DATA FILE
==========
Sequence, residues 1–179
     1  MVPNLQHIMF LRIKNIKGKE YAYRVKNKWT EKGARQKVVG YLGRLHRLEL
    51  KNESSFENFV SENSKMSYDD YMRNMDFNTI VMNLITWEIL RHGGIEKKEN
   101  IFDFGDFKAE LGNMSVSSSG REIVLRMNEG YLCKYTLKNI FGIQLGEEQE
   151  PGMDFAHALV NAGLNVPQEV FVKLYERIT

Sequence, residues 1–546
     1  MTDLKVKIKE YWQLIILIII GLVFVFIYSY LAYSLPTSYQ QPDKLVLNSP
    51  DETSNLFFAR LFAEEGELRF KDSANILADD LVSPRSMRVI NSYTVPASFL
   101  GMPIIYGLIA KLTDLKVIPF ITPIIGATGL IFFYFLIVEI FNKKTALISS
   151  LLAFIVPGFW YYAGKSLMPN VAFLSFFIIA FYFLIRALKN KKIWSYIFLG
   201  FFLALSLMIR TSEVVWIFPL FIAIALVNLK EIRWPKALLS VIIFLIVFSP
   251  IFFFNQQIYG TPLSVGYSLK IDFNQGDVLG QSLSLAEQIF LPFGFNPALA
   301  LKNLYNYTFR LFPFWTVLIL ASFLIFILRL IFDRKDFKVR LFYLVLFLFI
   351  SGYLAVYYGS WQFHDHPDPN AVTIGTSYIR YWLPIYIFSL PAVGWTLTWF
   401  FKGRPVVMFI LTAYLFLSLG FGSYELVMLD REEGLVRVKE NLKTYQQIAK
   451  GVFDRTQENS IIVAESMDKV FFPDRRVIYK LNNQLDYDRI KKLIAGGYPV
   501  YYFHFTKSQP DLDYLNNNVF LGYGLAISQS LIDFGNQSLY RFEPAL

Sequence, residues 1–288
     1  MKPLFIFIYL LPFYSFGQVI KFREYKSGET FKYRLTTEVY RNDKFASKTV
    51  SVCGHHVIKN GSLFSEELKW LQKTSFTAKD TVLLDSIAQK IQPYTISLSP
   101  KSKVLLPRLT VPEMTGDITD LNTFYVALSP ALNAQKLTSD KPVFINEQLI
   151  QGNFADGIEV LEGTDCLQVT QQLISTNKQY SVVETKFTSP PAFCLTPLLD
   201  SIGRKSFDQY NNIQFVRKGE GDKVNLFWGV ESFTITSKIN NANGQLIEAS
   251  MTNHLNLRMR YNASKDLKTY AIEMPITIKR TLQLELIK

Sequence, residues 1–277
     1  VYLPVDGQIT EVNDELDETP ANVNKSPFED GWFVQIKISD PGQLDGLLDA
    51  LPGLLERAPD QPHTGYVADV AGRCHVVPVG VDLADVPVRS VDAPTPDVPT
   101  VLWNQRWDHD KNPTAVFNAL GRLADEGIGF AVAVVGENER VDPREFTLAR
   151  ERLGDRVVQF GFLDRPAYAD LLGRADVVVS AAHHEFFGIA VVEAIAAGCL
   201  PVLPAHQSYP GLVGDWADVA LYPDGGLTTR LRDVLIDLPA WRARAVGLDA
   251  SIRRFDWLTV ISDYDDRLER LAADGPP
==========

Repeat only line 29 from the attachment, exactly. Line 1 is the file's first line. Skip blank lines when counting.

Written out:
   151  ERLGDRVVQF GFLDRPAYAD LLGRADVVVS AAHHEFFGIA VVEAIAAGCL